Carrie Mae Weems
Sunday 5th September
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We will be presenting two films by Carrie Mae Weems.
Constructing History: A Requiem to Mark the Moment, 2008
Constructing History: A Requiem to Mark the Moment, 2008, presents history as sequences, ‘a story within a story’, as Weems narrates at the beginning of the film.
Shot in Atlanta with Savannah College of Art and Design (SCAD) students and produced by SCAD and the National Black Arts Festival, Constructing History layers moments of violence and social upheaval and demonstrate disruption in the path of 20th Century history and thinking. ‘The bright lights of history are now shining down at them’ Weems continues, the young people act out a series of famous archetypal moments including Martin Luther King Jr’s assassination, a mother cradling her daughter during the aftermath of the Hiroshima atomic bombing and a speculated scene of a pensive James Earl Ray as he looks at his gun.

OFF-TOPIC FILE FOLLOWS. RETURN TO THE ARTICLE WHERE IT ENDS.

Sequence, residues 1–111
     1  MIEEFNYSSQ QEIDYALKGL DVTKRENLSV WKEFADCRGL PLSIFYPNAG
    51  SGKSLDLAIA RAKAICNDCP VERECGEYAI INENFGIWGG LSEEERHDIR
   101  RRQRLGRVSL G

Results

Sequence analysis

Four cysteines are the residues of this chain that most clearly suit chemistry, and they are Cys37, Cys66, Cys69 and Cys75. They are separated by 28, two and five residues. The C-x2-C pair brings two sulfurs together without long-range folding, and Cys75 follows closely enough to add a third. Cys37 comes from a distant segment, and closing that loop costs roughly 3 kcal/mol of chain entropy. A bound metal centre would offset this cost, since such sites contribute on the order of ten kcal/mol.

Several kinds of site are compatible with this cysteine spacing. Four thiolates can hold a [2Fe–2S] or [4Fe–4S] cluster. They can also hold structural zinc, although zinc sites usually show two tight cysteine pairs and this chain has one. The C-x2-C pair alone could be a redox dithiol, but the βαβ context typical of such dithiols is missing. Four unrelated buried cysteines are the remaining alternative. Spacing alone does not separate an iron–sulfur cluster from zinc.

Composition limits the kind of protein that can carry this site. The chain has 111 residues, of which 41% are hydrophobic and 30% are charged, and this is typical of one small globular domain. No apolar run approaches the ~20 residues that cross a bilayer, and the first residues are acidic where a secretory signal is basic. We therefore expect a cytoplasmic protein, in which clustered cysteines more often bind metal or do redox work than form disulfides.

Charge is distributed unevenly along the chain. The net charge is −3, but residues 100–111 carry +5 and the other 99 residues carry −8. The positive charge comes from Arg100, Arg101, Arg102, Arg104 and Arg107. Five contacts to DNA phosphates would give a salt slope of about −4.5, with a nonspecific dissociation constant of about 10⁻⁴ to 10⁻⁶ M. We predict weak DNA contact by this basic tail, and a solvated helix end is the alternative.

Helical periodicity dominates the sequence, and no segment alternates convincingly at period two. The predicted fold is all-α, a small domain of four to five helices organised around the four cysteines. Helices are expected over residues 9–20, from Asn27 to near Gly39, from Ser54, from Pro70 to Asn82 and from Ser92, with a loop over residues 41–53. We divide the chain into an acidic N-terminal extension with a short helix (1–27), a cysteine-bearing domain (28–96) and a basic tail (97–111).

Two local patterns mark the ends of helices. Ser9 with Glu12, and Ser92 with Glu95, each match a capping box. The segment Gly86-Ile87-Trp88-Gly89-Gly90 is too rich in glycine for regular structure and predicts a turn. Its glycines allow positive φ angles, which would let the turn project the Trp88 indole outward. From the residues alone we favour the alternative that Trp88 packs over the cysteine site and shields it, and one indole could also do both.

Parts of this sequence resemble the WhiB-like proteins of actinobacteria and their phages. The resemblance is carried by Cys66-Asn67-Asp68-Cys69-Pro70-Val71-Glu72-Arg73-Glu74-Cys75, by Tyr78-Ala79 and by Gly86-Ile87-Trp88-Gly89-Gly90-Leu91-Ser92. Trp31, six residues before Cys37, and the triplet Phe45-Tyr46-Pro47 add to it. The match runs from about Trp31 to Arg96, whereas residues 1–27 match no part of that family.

These profound meanings and staged theatricality are interjected by chaotic Super-8 shots of newsreels taken from Weems’s own television and directed to the present with intimate Black and White vignettes of Barak Obama and Hillary Clinton during the 2008 Democratic presidential nomination.
The Baptism, 2020
The Baptism, 2020, is directed by artist Carrie Mae Weems and written and performed by award-winning poet Carl Hancock Rux. The work is drawn from Rux’s Baptism (of The Sharecropper’s Son & The Boy From Boonville), a three-part poem and tribute to the legacies of civil rights leaders John Lewis and C.T. Vivian.
In The New York Times, Maya Phillips called the piece “a work that is freeing and radical in a way that Black art so often doesn’t get to be.”
Widely renowned as one of the most influential living American artists, Carrie Mae Weems examines how our society structures power through deeply embedded stories, images, and ideas. A gifted storyteller who works porously between text and image, Weems has developed a revolutionary approach to the expression of narratives about women, people of colour and working-class communities.
Content Warning: Parental guidance and viewer discretion is advised. Some viewers may find some of the scenes in the film distressing.